What do I need to consider when planning my estate?

Photo of an elderly couple sitting on the couch in their living room with an advisor.

No one likes to plan for their death. For most of us, it’s right up there with filing taxes, going to the dentist, or cleaning out the garage. But it’s not something you can afford to ignore if you want to minimize the confusion, stress, and costs for your family after you pass away.


First and foremost, make sure you have a will. If you die intestate (without a valid will), your estate will be distributed according to provincial laws, which may not be in line with your wishes. Dying without a will may result in paying more tax. And it may take longer and cost more money to settle your estate.

You should revisit the terms of your will from time to time, especially if your personal circumstances change. For example, if you got married, separated, or divorced since your will was last done, it may no longer reflect your final wishes. If you named an executor, or guardian for minor children in your will who subsequently passed away, you will need to replace them.

Having a will allows you to make any legacy plans, such as charitable bequests.

Powers of attorney

According to the Ontario Securities Commission, “a power of attorney is a legal document that gives someone else – in certain defined situations – the ability to take action and make decisions on your behalf. The only action they can’t take is making a will on your behalf.”[i]

Powers of attorney come into effect if you become mentally or physically disabled and are no longer able to make decisions about your personal property or personal care. Consider choosing a family member or close friend who would know what you would want under these circumstances.

Life insurance

Life insurance provides a tax-free cash payment to your named beneficiaries when you die and can help your family with a cash crunch, like paying off debts, paying probate fees and taxes, or covering day to day expenses as well as final costs like your funeral.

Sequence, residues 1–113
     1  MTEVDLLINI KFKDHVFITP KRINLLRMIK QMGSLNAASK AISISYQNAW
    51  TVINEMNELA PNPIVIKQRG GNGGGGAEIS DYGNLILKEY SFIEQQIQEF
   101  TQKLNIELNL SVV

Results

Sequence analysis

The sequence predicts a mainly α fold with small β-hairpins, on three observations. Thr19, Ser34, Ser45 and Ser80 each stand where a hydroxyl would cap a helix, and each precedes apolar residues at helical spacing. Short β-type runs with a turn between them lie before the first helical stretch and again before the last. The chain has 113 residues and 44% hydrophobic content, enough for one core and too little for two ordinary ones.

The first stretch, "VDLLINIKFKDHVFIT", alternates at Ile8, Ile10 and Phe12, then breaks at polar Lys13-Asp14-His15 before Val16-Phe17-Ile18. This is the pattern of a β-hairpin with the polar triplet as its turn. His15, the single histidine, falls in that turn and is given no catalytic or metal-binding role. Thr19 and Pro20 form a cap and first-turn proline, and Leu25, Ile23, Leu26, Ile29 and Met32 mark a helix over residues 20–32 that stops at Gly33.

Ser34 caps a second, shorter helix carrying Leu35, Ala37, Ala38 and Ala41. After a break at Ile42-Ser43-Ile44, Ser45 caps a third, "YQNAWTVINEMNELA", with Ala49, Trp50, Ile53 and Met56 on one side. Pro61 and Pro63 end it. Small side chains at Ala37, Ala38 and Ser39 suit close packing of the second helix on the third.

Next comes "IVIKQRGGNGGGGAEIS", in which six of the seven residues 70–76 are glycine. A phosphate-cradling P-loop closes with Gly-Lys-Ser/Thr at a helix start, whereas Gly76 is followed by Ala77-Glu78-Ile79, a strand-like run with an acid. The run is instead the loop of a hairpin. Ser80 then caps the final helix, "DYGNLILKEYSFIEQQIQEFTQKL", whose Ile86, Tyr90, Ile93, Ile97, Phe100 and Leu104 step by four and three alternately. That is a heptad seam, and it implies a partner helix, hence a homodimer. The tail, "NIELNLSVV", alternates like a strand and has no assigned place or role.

Taxes and probate fees

Proper tax and estate planning, including the use of trusts, can help minimize probate fees and income taxes on death. You may want to seek the advice of a tax expert.

Funeral, burial, or cremation

Funerals can be more expensive than you realize. It pays to do some research so that you’re aware of all of your options. Making choices about funeral services, cemeteries, caskets, limousines, and police escorts can be emotional after a death and may lead to over-spending. Pre-paying can lock in today’s costs, especially those that tend to go up, like cemetery plots, which are closely related to the price of real estate. Finally, some Canadians are opting for less expensive options like cremation.

Practical matters

Getting your affairs in order will greatly minimize the stress on your loved ones, which is already at high levels after someone dies. Consider compiling all of your financial, legal, and personal details in a workbook like the Departing Details Workbook. Everything from your will and recent tax returns, to information about bank and investment accounts, credit cards and safety deposit boxes, will all be available in one place when the inevitable time comes.

[i] https://www.getsmarteraboutmoney.ca/plan-manage/planning-basics/wills-estate-planning/power-of-attorney-basics/